Due to these facts, I proposed quite comprehensive heating system. It’s true that it can be seen as an overkill, but hopefully, it will do what it should. I want to achieve maximal temperature uniformity possible across the material in both powder and print chamber. It means I want to have the temperature control on every side of both chambers, including the beds.
Why such a robust solution? In the powder chamber the PA12 other material used for printing must be preheated in the whole its volume. Then it will be wiped to the printing area on the top of the printer chamber. Infrared or halogen heaters will heat the top layer approx. 10°C under PA12 melting point, which is approx. 182°C. These heaters represent the final but important step in the pre-sintering procedure. It also implies need for another quite specific temp control loop.
Once the printing process finishes, cooling process starts. Here you want to cool your prints down quite slowly and uniformly otherwise you can say goodbye to shape and dimensional accuracy. So, I had another problem on the way. I needed 10 independent temps’ inputs to control just for chambers. And to make things worse, at least another one for surface temp control just before laser comes on stage.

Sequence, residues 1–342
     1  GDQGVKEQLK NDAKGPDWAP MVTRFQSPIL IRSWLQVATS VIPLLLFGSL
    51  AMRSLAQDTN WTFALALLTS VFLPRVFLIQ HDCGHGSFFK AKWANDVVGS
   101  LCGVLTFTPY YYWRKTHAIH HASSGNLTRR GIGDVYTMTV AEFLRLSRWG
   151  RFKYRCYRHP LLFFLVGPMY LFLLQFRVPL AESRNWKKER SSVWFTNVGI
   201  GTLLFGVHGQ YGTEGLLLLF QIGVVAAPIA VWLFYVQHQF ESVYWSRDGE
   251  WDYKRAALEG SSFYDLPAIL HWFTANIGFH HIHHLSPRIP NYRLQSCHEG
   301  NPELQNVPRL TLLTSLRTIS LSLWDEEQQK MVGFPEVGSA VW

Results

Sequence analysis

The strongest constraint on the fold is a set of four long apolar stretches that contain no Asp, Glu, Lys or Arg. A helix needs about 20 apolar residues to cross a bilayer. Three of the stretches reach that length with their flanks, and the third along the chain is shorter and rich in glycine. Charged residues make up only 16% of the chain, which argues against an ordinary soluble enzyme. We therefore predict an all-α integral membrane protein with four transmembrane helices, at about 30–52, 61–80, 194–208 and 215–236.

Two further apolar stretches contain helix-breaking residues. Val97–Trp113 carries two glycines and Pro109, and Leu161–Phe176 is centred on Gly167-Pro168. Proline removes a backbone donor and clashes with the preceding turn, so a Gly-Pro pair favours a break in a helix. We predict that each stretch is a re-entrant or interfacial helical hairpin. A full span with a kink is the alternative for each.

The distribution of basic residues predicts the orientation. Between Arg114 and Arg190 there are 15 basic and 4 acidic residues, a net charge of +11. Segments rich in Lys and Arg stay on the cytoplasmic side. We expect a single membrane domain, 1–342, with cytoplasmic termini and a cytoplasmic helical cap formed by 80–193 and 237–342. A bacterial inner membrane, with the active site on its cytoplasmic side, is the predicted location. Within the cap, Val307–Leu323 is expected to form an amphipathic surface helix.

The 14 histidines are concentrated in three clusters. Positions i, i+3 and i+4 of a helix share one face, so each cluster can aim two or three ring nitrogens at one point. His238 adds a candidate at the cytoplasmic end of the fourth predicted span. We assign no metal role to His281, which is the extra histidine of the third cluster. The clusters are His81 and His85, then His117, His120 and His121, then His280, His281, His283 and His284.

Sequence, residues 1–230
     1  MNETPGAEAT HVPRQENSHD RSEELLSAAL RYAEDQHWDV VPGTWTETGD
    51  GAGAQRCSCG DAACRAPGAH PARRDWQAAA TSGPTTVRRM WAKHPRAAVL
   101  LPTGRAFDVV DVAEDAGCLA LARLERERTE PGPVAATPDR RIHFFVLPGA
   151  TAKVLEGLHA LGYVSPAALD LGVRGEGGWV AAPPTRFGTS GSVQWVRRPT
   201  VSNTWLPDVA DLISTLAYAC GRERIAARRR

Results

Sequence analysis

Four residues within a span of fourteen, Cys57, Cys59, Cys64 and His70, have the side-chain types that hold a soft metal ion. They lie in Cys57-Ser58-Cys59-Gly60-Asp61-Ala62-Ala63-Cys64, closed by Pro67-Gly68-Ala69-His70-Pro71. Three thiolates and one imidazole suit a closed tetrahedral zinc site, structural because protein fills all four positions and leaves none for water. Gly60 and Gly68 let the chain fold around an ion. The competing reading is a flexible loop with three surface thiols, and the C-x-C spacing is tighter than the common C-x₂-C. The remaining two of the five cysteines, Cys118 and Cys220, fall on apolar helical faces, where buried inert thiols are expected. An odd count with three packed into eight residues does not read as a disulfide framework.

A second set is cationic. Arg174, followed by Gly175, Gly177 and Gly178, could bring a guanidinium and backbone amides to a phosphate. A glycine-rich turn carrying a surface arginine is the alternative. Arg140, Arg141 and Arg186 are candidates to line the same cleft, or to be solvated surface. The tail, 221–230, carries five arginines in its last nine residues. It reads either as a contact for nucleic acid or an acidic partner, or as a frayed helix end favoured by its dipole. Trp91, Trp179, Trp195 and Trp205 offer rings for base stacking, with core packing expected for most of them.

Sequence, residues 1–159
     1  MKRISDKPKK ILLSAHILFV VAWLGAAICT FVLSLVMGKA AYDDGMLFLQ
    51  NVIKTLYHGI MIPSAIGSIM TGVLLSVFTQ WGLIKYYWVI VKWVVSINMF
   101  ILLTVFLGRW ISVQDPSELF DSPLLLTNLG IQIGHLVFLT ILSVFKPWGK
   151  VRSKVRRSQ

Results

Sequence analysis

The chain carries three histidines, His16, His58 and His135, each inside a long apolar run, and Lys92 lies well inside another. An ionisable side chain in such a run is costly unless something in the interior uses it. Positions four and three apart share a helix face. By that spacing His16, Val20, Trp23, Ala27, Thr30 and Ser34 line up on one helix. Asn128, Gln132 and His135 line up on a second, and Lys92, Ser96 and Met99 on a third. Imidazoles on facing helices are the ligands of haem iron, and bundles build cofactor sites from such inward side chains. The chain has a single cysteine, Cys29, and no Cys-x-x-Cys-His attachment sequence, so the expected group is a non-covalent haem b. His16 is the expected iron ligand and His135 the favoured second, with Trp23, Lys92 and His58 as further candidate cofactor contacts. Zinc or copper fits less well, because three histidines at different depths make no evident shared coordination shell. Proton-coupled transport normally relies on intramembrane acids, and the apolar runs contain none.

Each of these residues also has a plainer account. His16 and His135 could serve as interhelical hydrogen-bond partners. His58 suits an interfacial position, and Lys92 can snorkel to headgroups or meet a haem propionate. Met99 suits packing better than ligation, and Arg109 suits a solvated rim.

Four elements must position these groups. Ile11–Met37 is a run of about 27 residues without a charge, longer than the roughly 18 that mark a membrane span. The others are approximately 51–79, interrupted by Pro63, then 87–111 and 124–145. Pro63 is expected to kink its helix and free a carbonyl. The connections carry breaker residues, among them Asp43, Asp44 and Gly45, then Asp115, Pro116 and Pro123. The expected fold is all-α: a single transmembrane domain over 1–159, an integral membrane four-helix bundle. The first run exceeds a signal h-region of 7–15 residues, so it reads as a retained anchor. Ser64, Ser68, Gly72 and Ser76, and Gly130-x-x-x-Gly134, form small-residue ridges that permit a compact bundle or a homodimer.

Galvo at scene – X, Y axis
I want my printer to be quicker that FDM ones. Therefore, I had to avoid common Cartesian X and Y axis layout. Why? Even if the X and Y moves would be at the same decent speeds as the FDM printers do, total print speed will be much slower because of layer preparation time overhead. Therefore, I decided to go in a way of galvanometers (galvos). Unfortunately, it kicked me back on the Google and meant another heap of reading.
The galvo use in DIY printer projects was to me anything, but not straightforward. Just one example – it is not an issue to make galvo move the laser beam along the print bed. Problem is to make the laser beam moving with the geometrical accuracy of a few tenth of millimeters. Or at least for me it really was the problem.